Millions of people with chronic health problems could be affected today over fears the weird red sun phenomenon caused by Hurricane Ophelia could return.
Experts have warned that people with chronic lung conditions could be affected and forced to stay inside.
Warnings were first issued on Monday when it was feared the Sahara dust that covered Britain could give the millions of asthma sufferers across the country a deadly attack.
The deep red colour that filled the skies over the country was carried in by Hurricane Ophelia.
Weather forecasters now say there’s a chance the red glow could be back in the skies today.
This time, winds could pick up dust particles from wildfires in Portugal and Spain.
A spokeswoman from the British Lung Foundation told the Sun : “These dust episodes can be serious for someone with a lung condition.”
Hundreds of fires have raged across northern and central Portugal since Sunday after the driest summer in nearly 90 years, killing at least 41 people and overwhelming firefighting and rescue services.
On Monday, many people around Britain ran outside to take photos of the unique sky, but it is feared it could trigger health problems.
A charity warned those with severe asthma to check forecasts and stay indoors where possible to avoid the dust.
Those who do go outside are advised to change their clothes and shower to wash any of the dust off once they return indoors.
Asthma UK helpline head Sonia Munde said on Monday: “We are deeply concerned about the toxic air from Saharan dust that Hurricane Ophelia has churned up.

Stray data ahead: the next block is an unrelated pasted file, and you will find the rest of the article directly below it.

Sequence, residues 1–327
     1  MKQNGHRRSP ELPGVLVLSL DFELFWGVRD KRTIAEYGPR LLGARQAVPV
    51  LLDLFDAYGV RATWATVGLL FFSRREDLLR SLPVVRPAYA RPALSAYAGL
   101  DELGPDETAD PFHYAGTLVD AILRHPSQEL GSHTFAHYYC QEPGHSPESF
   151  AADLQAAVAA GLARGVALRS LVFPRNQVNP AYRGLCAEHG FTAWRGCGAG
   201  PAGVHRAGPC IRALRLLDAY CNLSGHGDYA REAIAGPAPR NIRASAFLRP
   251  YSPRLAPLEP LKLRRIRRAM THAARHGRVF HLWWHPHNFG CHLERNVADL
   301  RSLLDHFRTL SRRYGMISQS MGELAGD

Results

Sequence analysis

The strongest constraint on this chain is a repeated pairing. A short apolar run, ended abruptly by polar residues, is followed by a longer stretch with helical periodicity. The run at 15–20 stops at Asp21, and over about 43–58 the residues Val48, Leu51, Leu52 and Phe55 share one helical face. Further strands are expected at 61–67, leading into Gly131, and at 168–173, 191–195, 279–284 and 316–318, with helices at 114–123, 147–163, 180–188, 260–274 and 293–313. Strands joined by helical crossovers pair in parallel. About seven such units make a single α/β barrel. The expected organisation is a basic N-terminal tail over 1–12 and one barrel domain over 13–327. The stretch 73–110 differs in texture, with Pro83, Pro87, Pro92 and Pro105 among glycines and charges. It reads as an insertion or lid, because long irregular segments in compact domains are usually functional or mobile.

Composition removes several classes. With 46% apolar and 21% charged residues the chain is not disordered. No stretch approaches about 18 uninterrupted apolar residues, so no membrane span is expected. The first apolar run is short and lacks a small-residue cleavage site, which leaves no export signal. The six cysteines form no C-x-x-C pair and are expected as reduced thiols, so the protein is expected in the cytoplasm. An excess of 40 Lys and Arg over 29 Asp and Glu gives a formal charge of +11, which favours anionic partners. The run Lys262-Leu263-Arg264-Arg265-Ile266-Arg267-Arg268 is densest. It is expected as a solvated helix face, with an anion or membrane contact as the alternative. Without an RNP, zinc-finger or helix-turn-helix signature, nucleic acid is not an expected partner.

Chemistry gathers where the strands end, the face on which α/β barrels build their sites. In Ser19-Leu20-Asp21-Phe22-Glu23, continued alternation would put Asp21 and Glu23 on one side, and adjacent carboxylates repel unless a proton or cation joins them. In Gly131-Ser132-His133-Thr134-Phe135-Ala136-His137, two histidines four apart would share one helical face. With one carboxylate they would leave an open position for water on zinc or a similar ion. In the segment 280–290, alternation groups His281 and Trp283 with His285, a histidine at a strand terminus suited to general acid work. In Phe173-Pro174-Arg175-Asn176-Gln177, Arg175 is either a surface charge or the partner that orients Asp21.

“This could pose a severe risk for the 5.4 million people in the UK who have asthma.
“Winds picking up dust and particles in the air could trigger potentially fatal asthma attacks.”
If symptoms get worse, then they are advised to talk to a doctor.
Dr Dave Reynolds from The Weather Channel said winds were strong over Iberia on Sunday, which has resulted in dust from there blown to the UK by the remnants of Hurricane Ophelia.
“Some of the dust may be particulates from the fires, although I think regular fine-grained dust would account for the majority,” he said.
“This is a result of Ophelia to the west of Portugal (on Sunday) and high pressure over the western Mediterranean, although it doesn’t necessarily need a hurricane to do this (a regular, north Atlantic low would be just as good – so long as all the other conditions are met).
“Furthermore, and importantly, the cold front of Ophelia which moved across southern Britain on Monday morning was very weak – this meant there was not much rain to wash the dust out.”
Met Office forecaster Grahame Madge said at the start of the week that the former hurricane was pulling air and dust up from southern Europe and Africa.
“It’s all connected with Ophelia, on the eastern side of the low pressure system air is coming up in the southern direction,” he said.
“Air is being pulled from southern Europe and Africa and that air contains a lot of dust.
“So it’s most likely the appearance of sunset at midday is caused by the particles scattering the light and giving the appearance of a red sun”.